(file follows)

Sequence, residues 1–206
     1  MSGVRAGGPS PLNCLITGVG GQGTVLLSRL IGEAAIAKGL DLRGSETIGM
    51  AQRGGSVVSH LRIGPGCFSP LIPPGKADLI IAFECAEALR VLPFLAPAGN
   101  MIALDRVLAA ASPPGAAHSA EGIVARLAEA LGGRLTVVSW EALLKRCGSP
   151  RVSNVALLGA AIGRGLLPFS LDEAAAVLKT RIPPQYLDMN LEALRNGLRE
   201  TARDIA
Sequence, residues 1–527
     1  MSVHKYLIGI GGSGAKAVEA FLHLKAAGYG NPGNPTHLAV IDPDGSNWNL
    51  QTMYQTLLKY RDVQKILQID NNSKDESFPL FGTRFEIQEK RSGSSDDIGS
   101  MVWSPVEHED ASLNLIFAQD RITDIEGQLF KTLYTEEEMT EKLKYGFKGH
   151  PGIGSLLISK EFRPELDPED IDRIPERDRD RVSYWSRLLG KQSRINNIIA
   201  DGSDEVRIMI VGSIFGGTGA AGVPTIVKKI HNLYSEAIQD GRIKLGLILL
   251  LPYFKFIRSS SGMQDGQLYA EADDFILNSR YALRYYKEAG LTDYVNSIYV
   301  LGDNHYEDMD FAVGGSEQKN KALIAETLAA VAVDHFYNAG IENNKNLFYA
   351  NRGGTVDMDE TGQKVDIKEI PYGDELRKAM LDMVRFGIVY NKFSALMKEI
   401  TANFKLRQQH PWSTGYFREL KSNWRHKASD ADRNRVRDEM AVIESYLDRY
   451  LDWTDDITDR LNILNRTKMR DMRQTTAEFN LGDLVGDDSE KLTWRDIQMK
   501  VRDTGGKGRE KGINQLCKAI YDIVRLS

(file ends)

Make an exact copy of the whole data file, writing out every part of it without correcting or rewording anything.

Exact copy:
Sequence, residues 1–206
     1  MSGVRAGGPS PLNCLITGVG GQGTVLLSRL IGEAAIAKGL DLRGSETIGM
    51  AQRGGSVVSH LRIGPGCFSP LIPPGKADLI IAFECAEALR VLPFLAPAGN
   101  MIALDRVLAA ASPPGAAHSA EGIVARLAEA LGGRLTVVSW EALLKRCGSP
   151  RVSNVALLGA AIGRGLLPFS LDEAAAVLKT RIPPQYLDMN LEALRNGLRE
   201  TARDIA
Sequence, residues 1–527
     1  MSVHKYLIGI GGSGAKAVEA FLHLKAAGYG NPGNPTHLAV IDPDGSNWNL
    51  QTMYQTLLKY RDVQKILQID NNSKDESFPL FGTRFEIQEK RSGSSDDIGS
   101  MVWSPVEHED ASLNLIFAQD RITDIEGQLF KTLYTEEEMT EKLKYGFKGH
   151  PGIGSLLISK EFRPELDPED IDRIPERDRD RVSYWSRLLG KQSRINNIIA
   201  DGSDEVRIMI VGSIFGGTGA AGVPTIVKKI HNLYSEAIQD GRIKLGLILL
   251  LPYFKFIRSS SGMQDGQLYA EADDFILNSR YALRYYKEAG LTDYVNSIYV
   301  LGDNHYEDMD FAVGGSEQKN KALIAETLAA VAVDHFYNAG IENNKNLFYA
   351  NRGGTVDMDE TGQKVDIKEI PYGDELRKAM LDMVRFGIVY NKFSALMKEI
   401  TANFKLRQQH PWSTGYFREL KSNWRHKASD ADRNRVRDEM AVIESYLDRY
   451  LDWTDDITDR LNILNRTKMR DMRQTTAEFN LGDLVGDDSE KLTWRDIQMK
   501  VRDTGGKGRE KGINQLCKAI YDIVRLS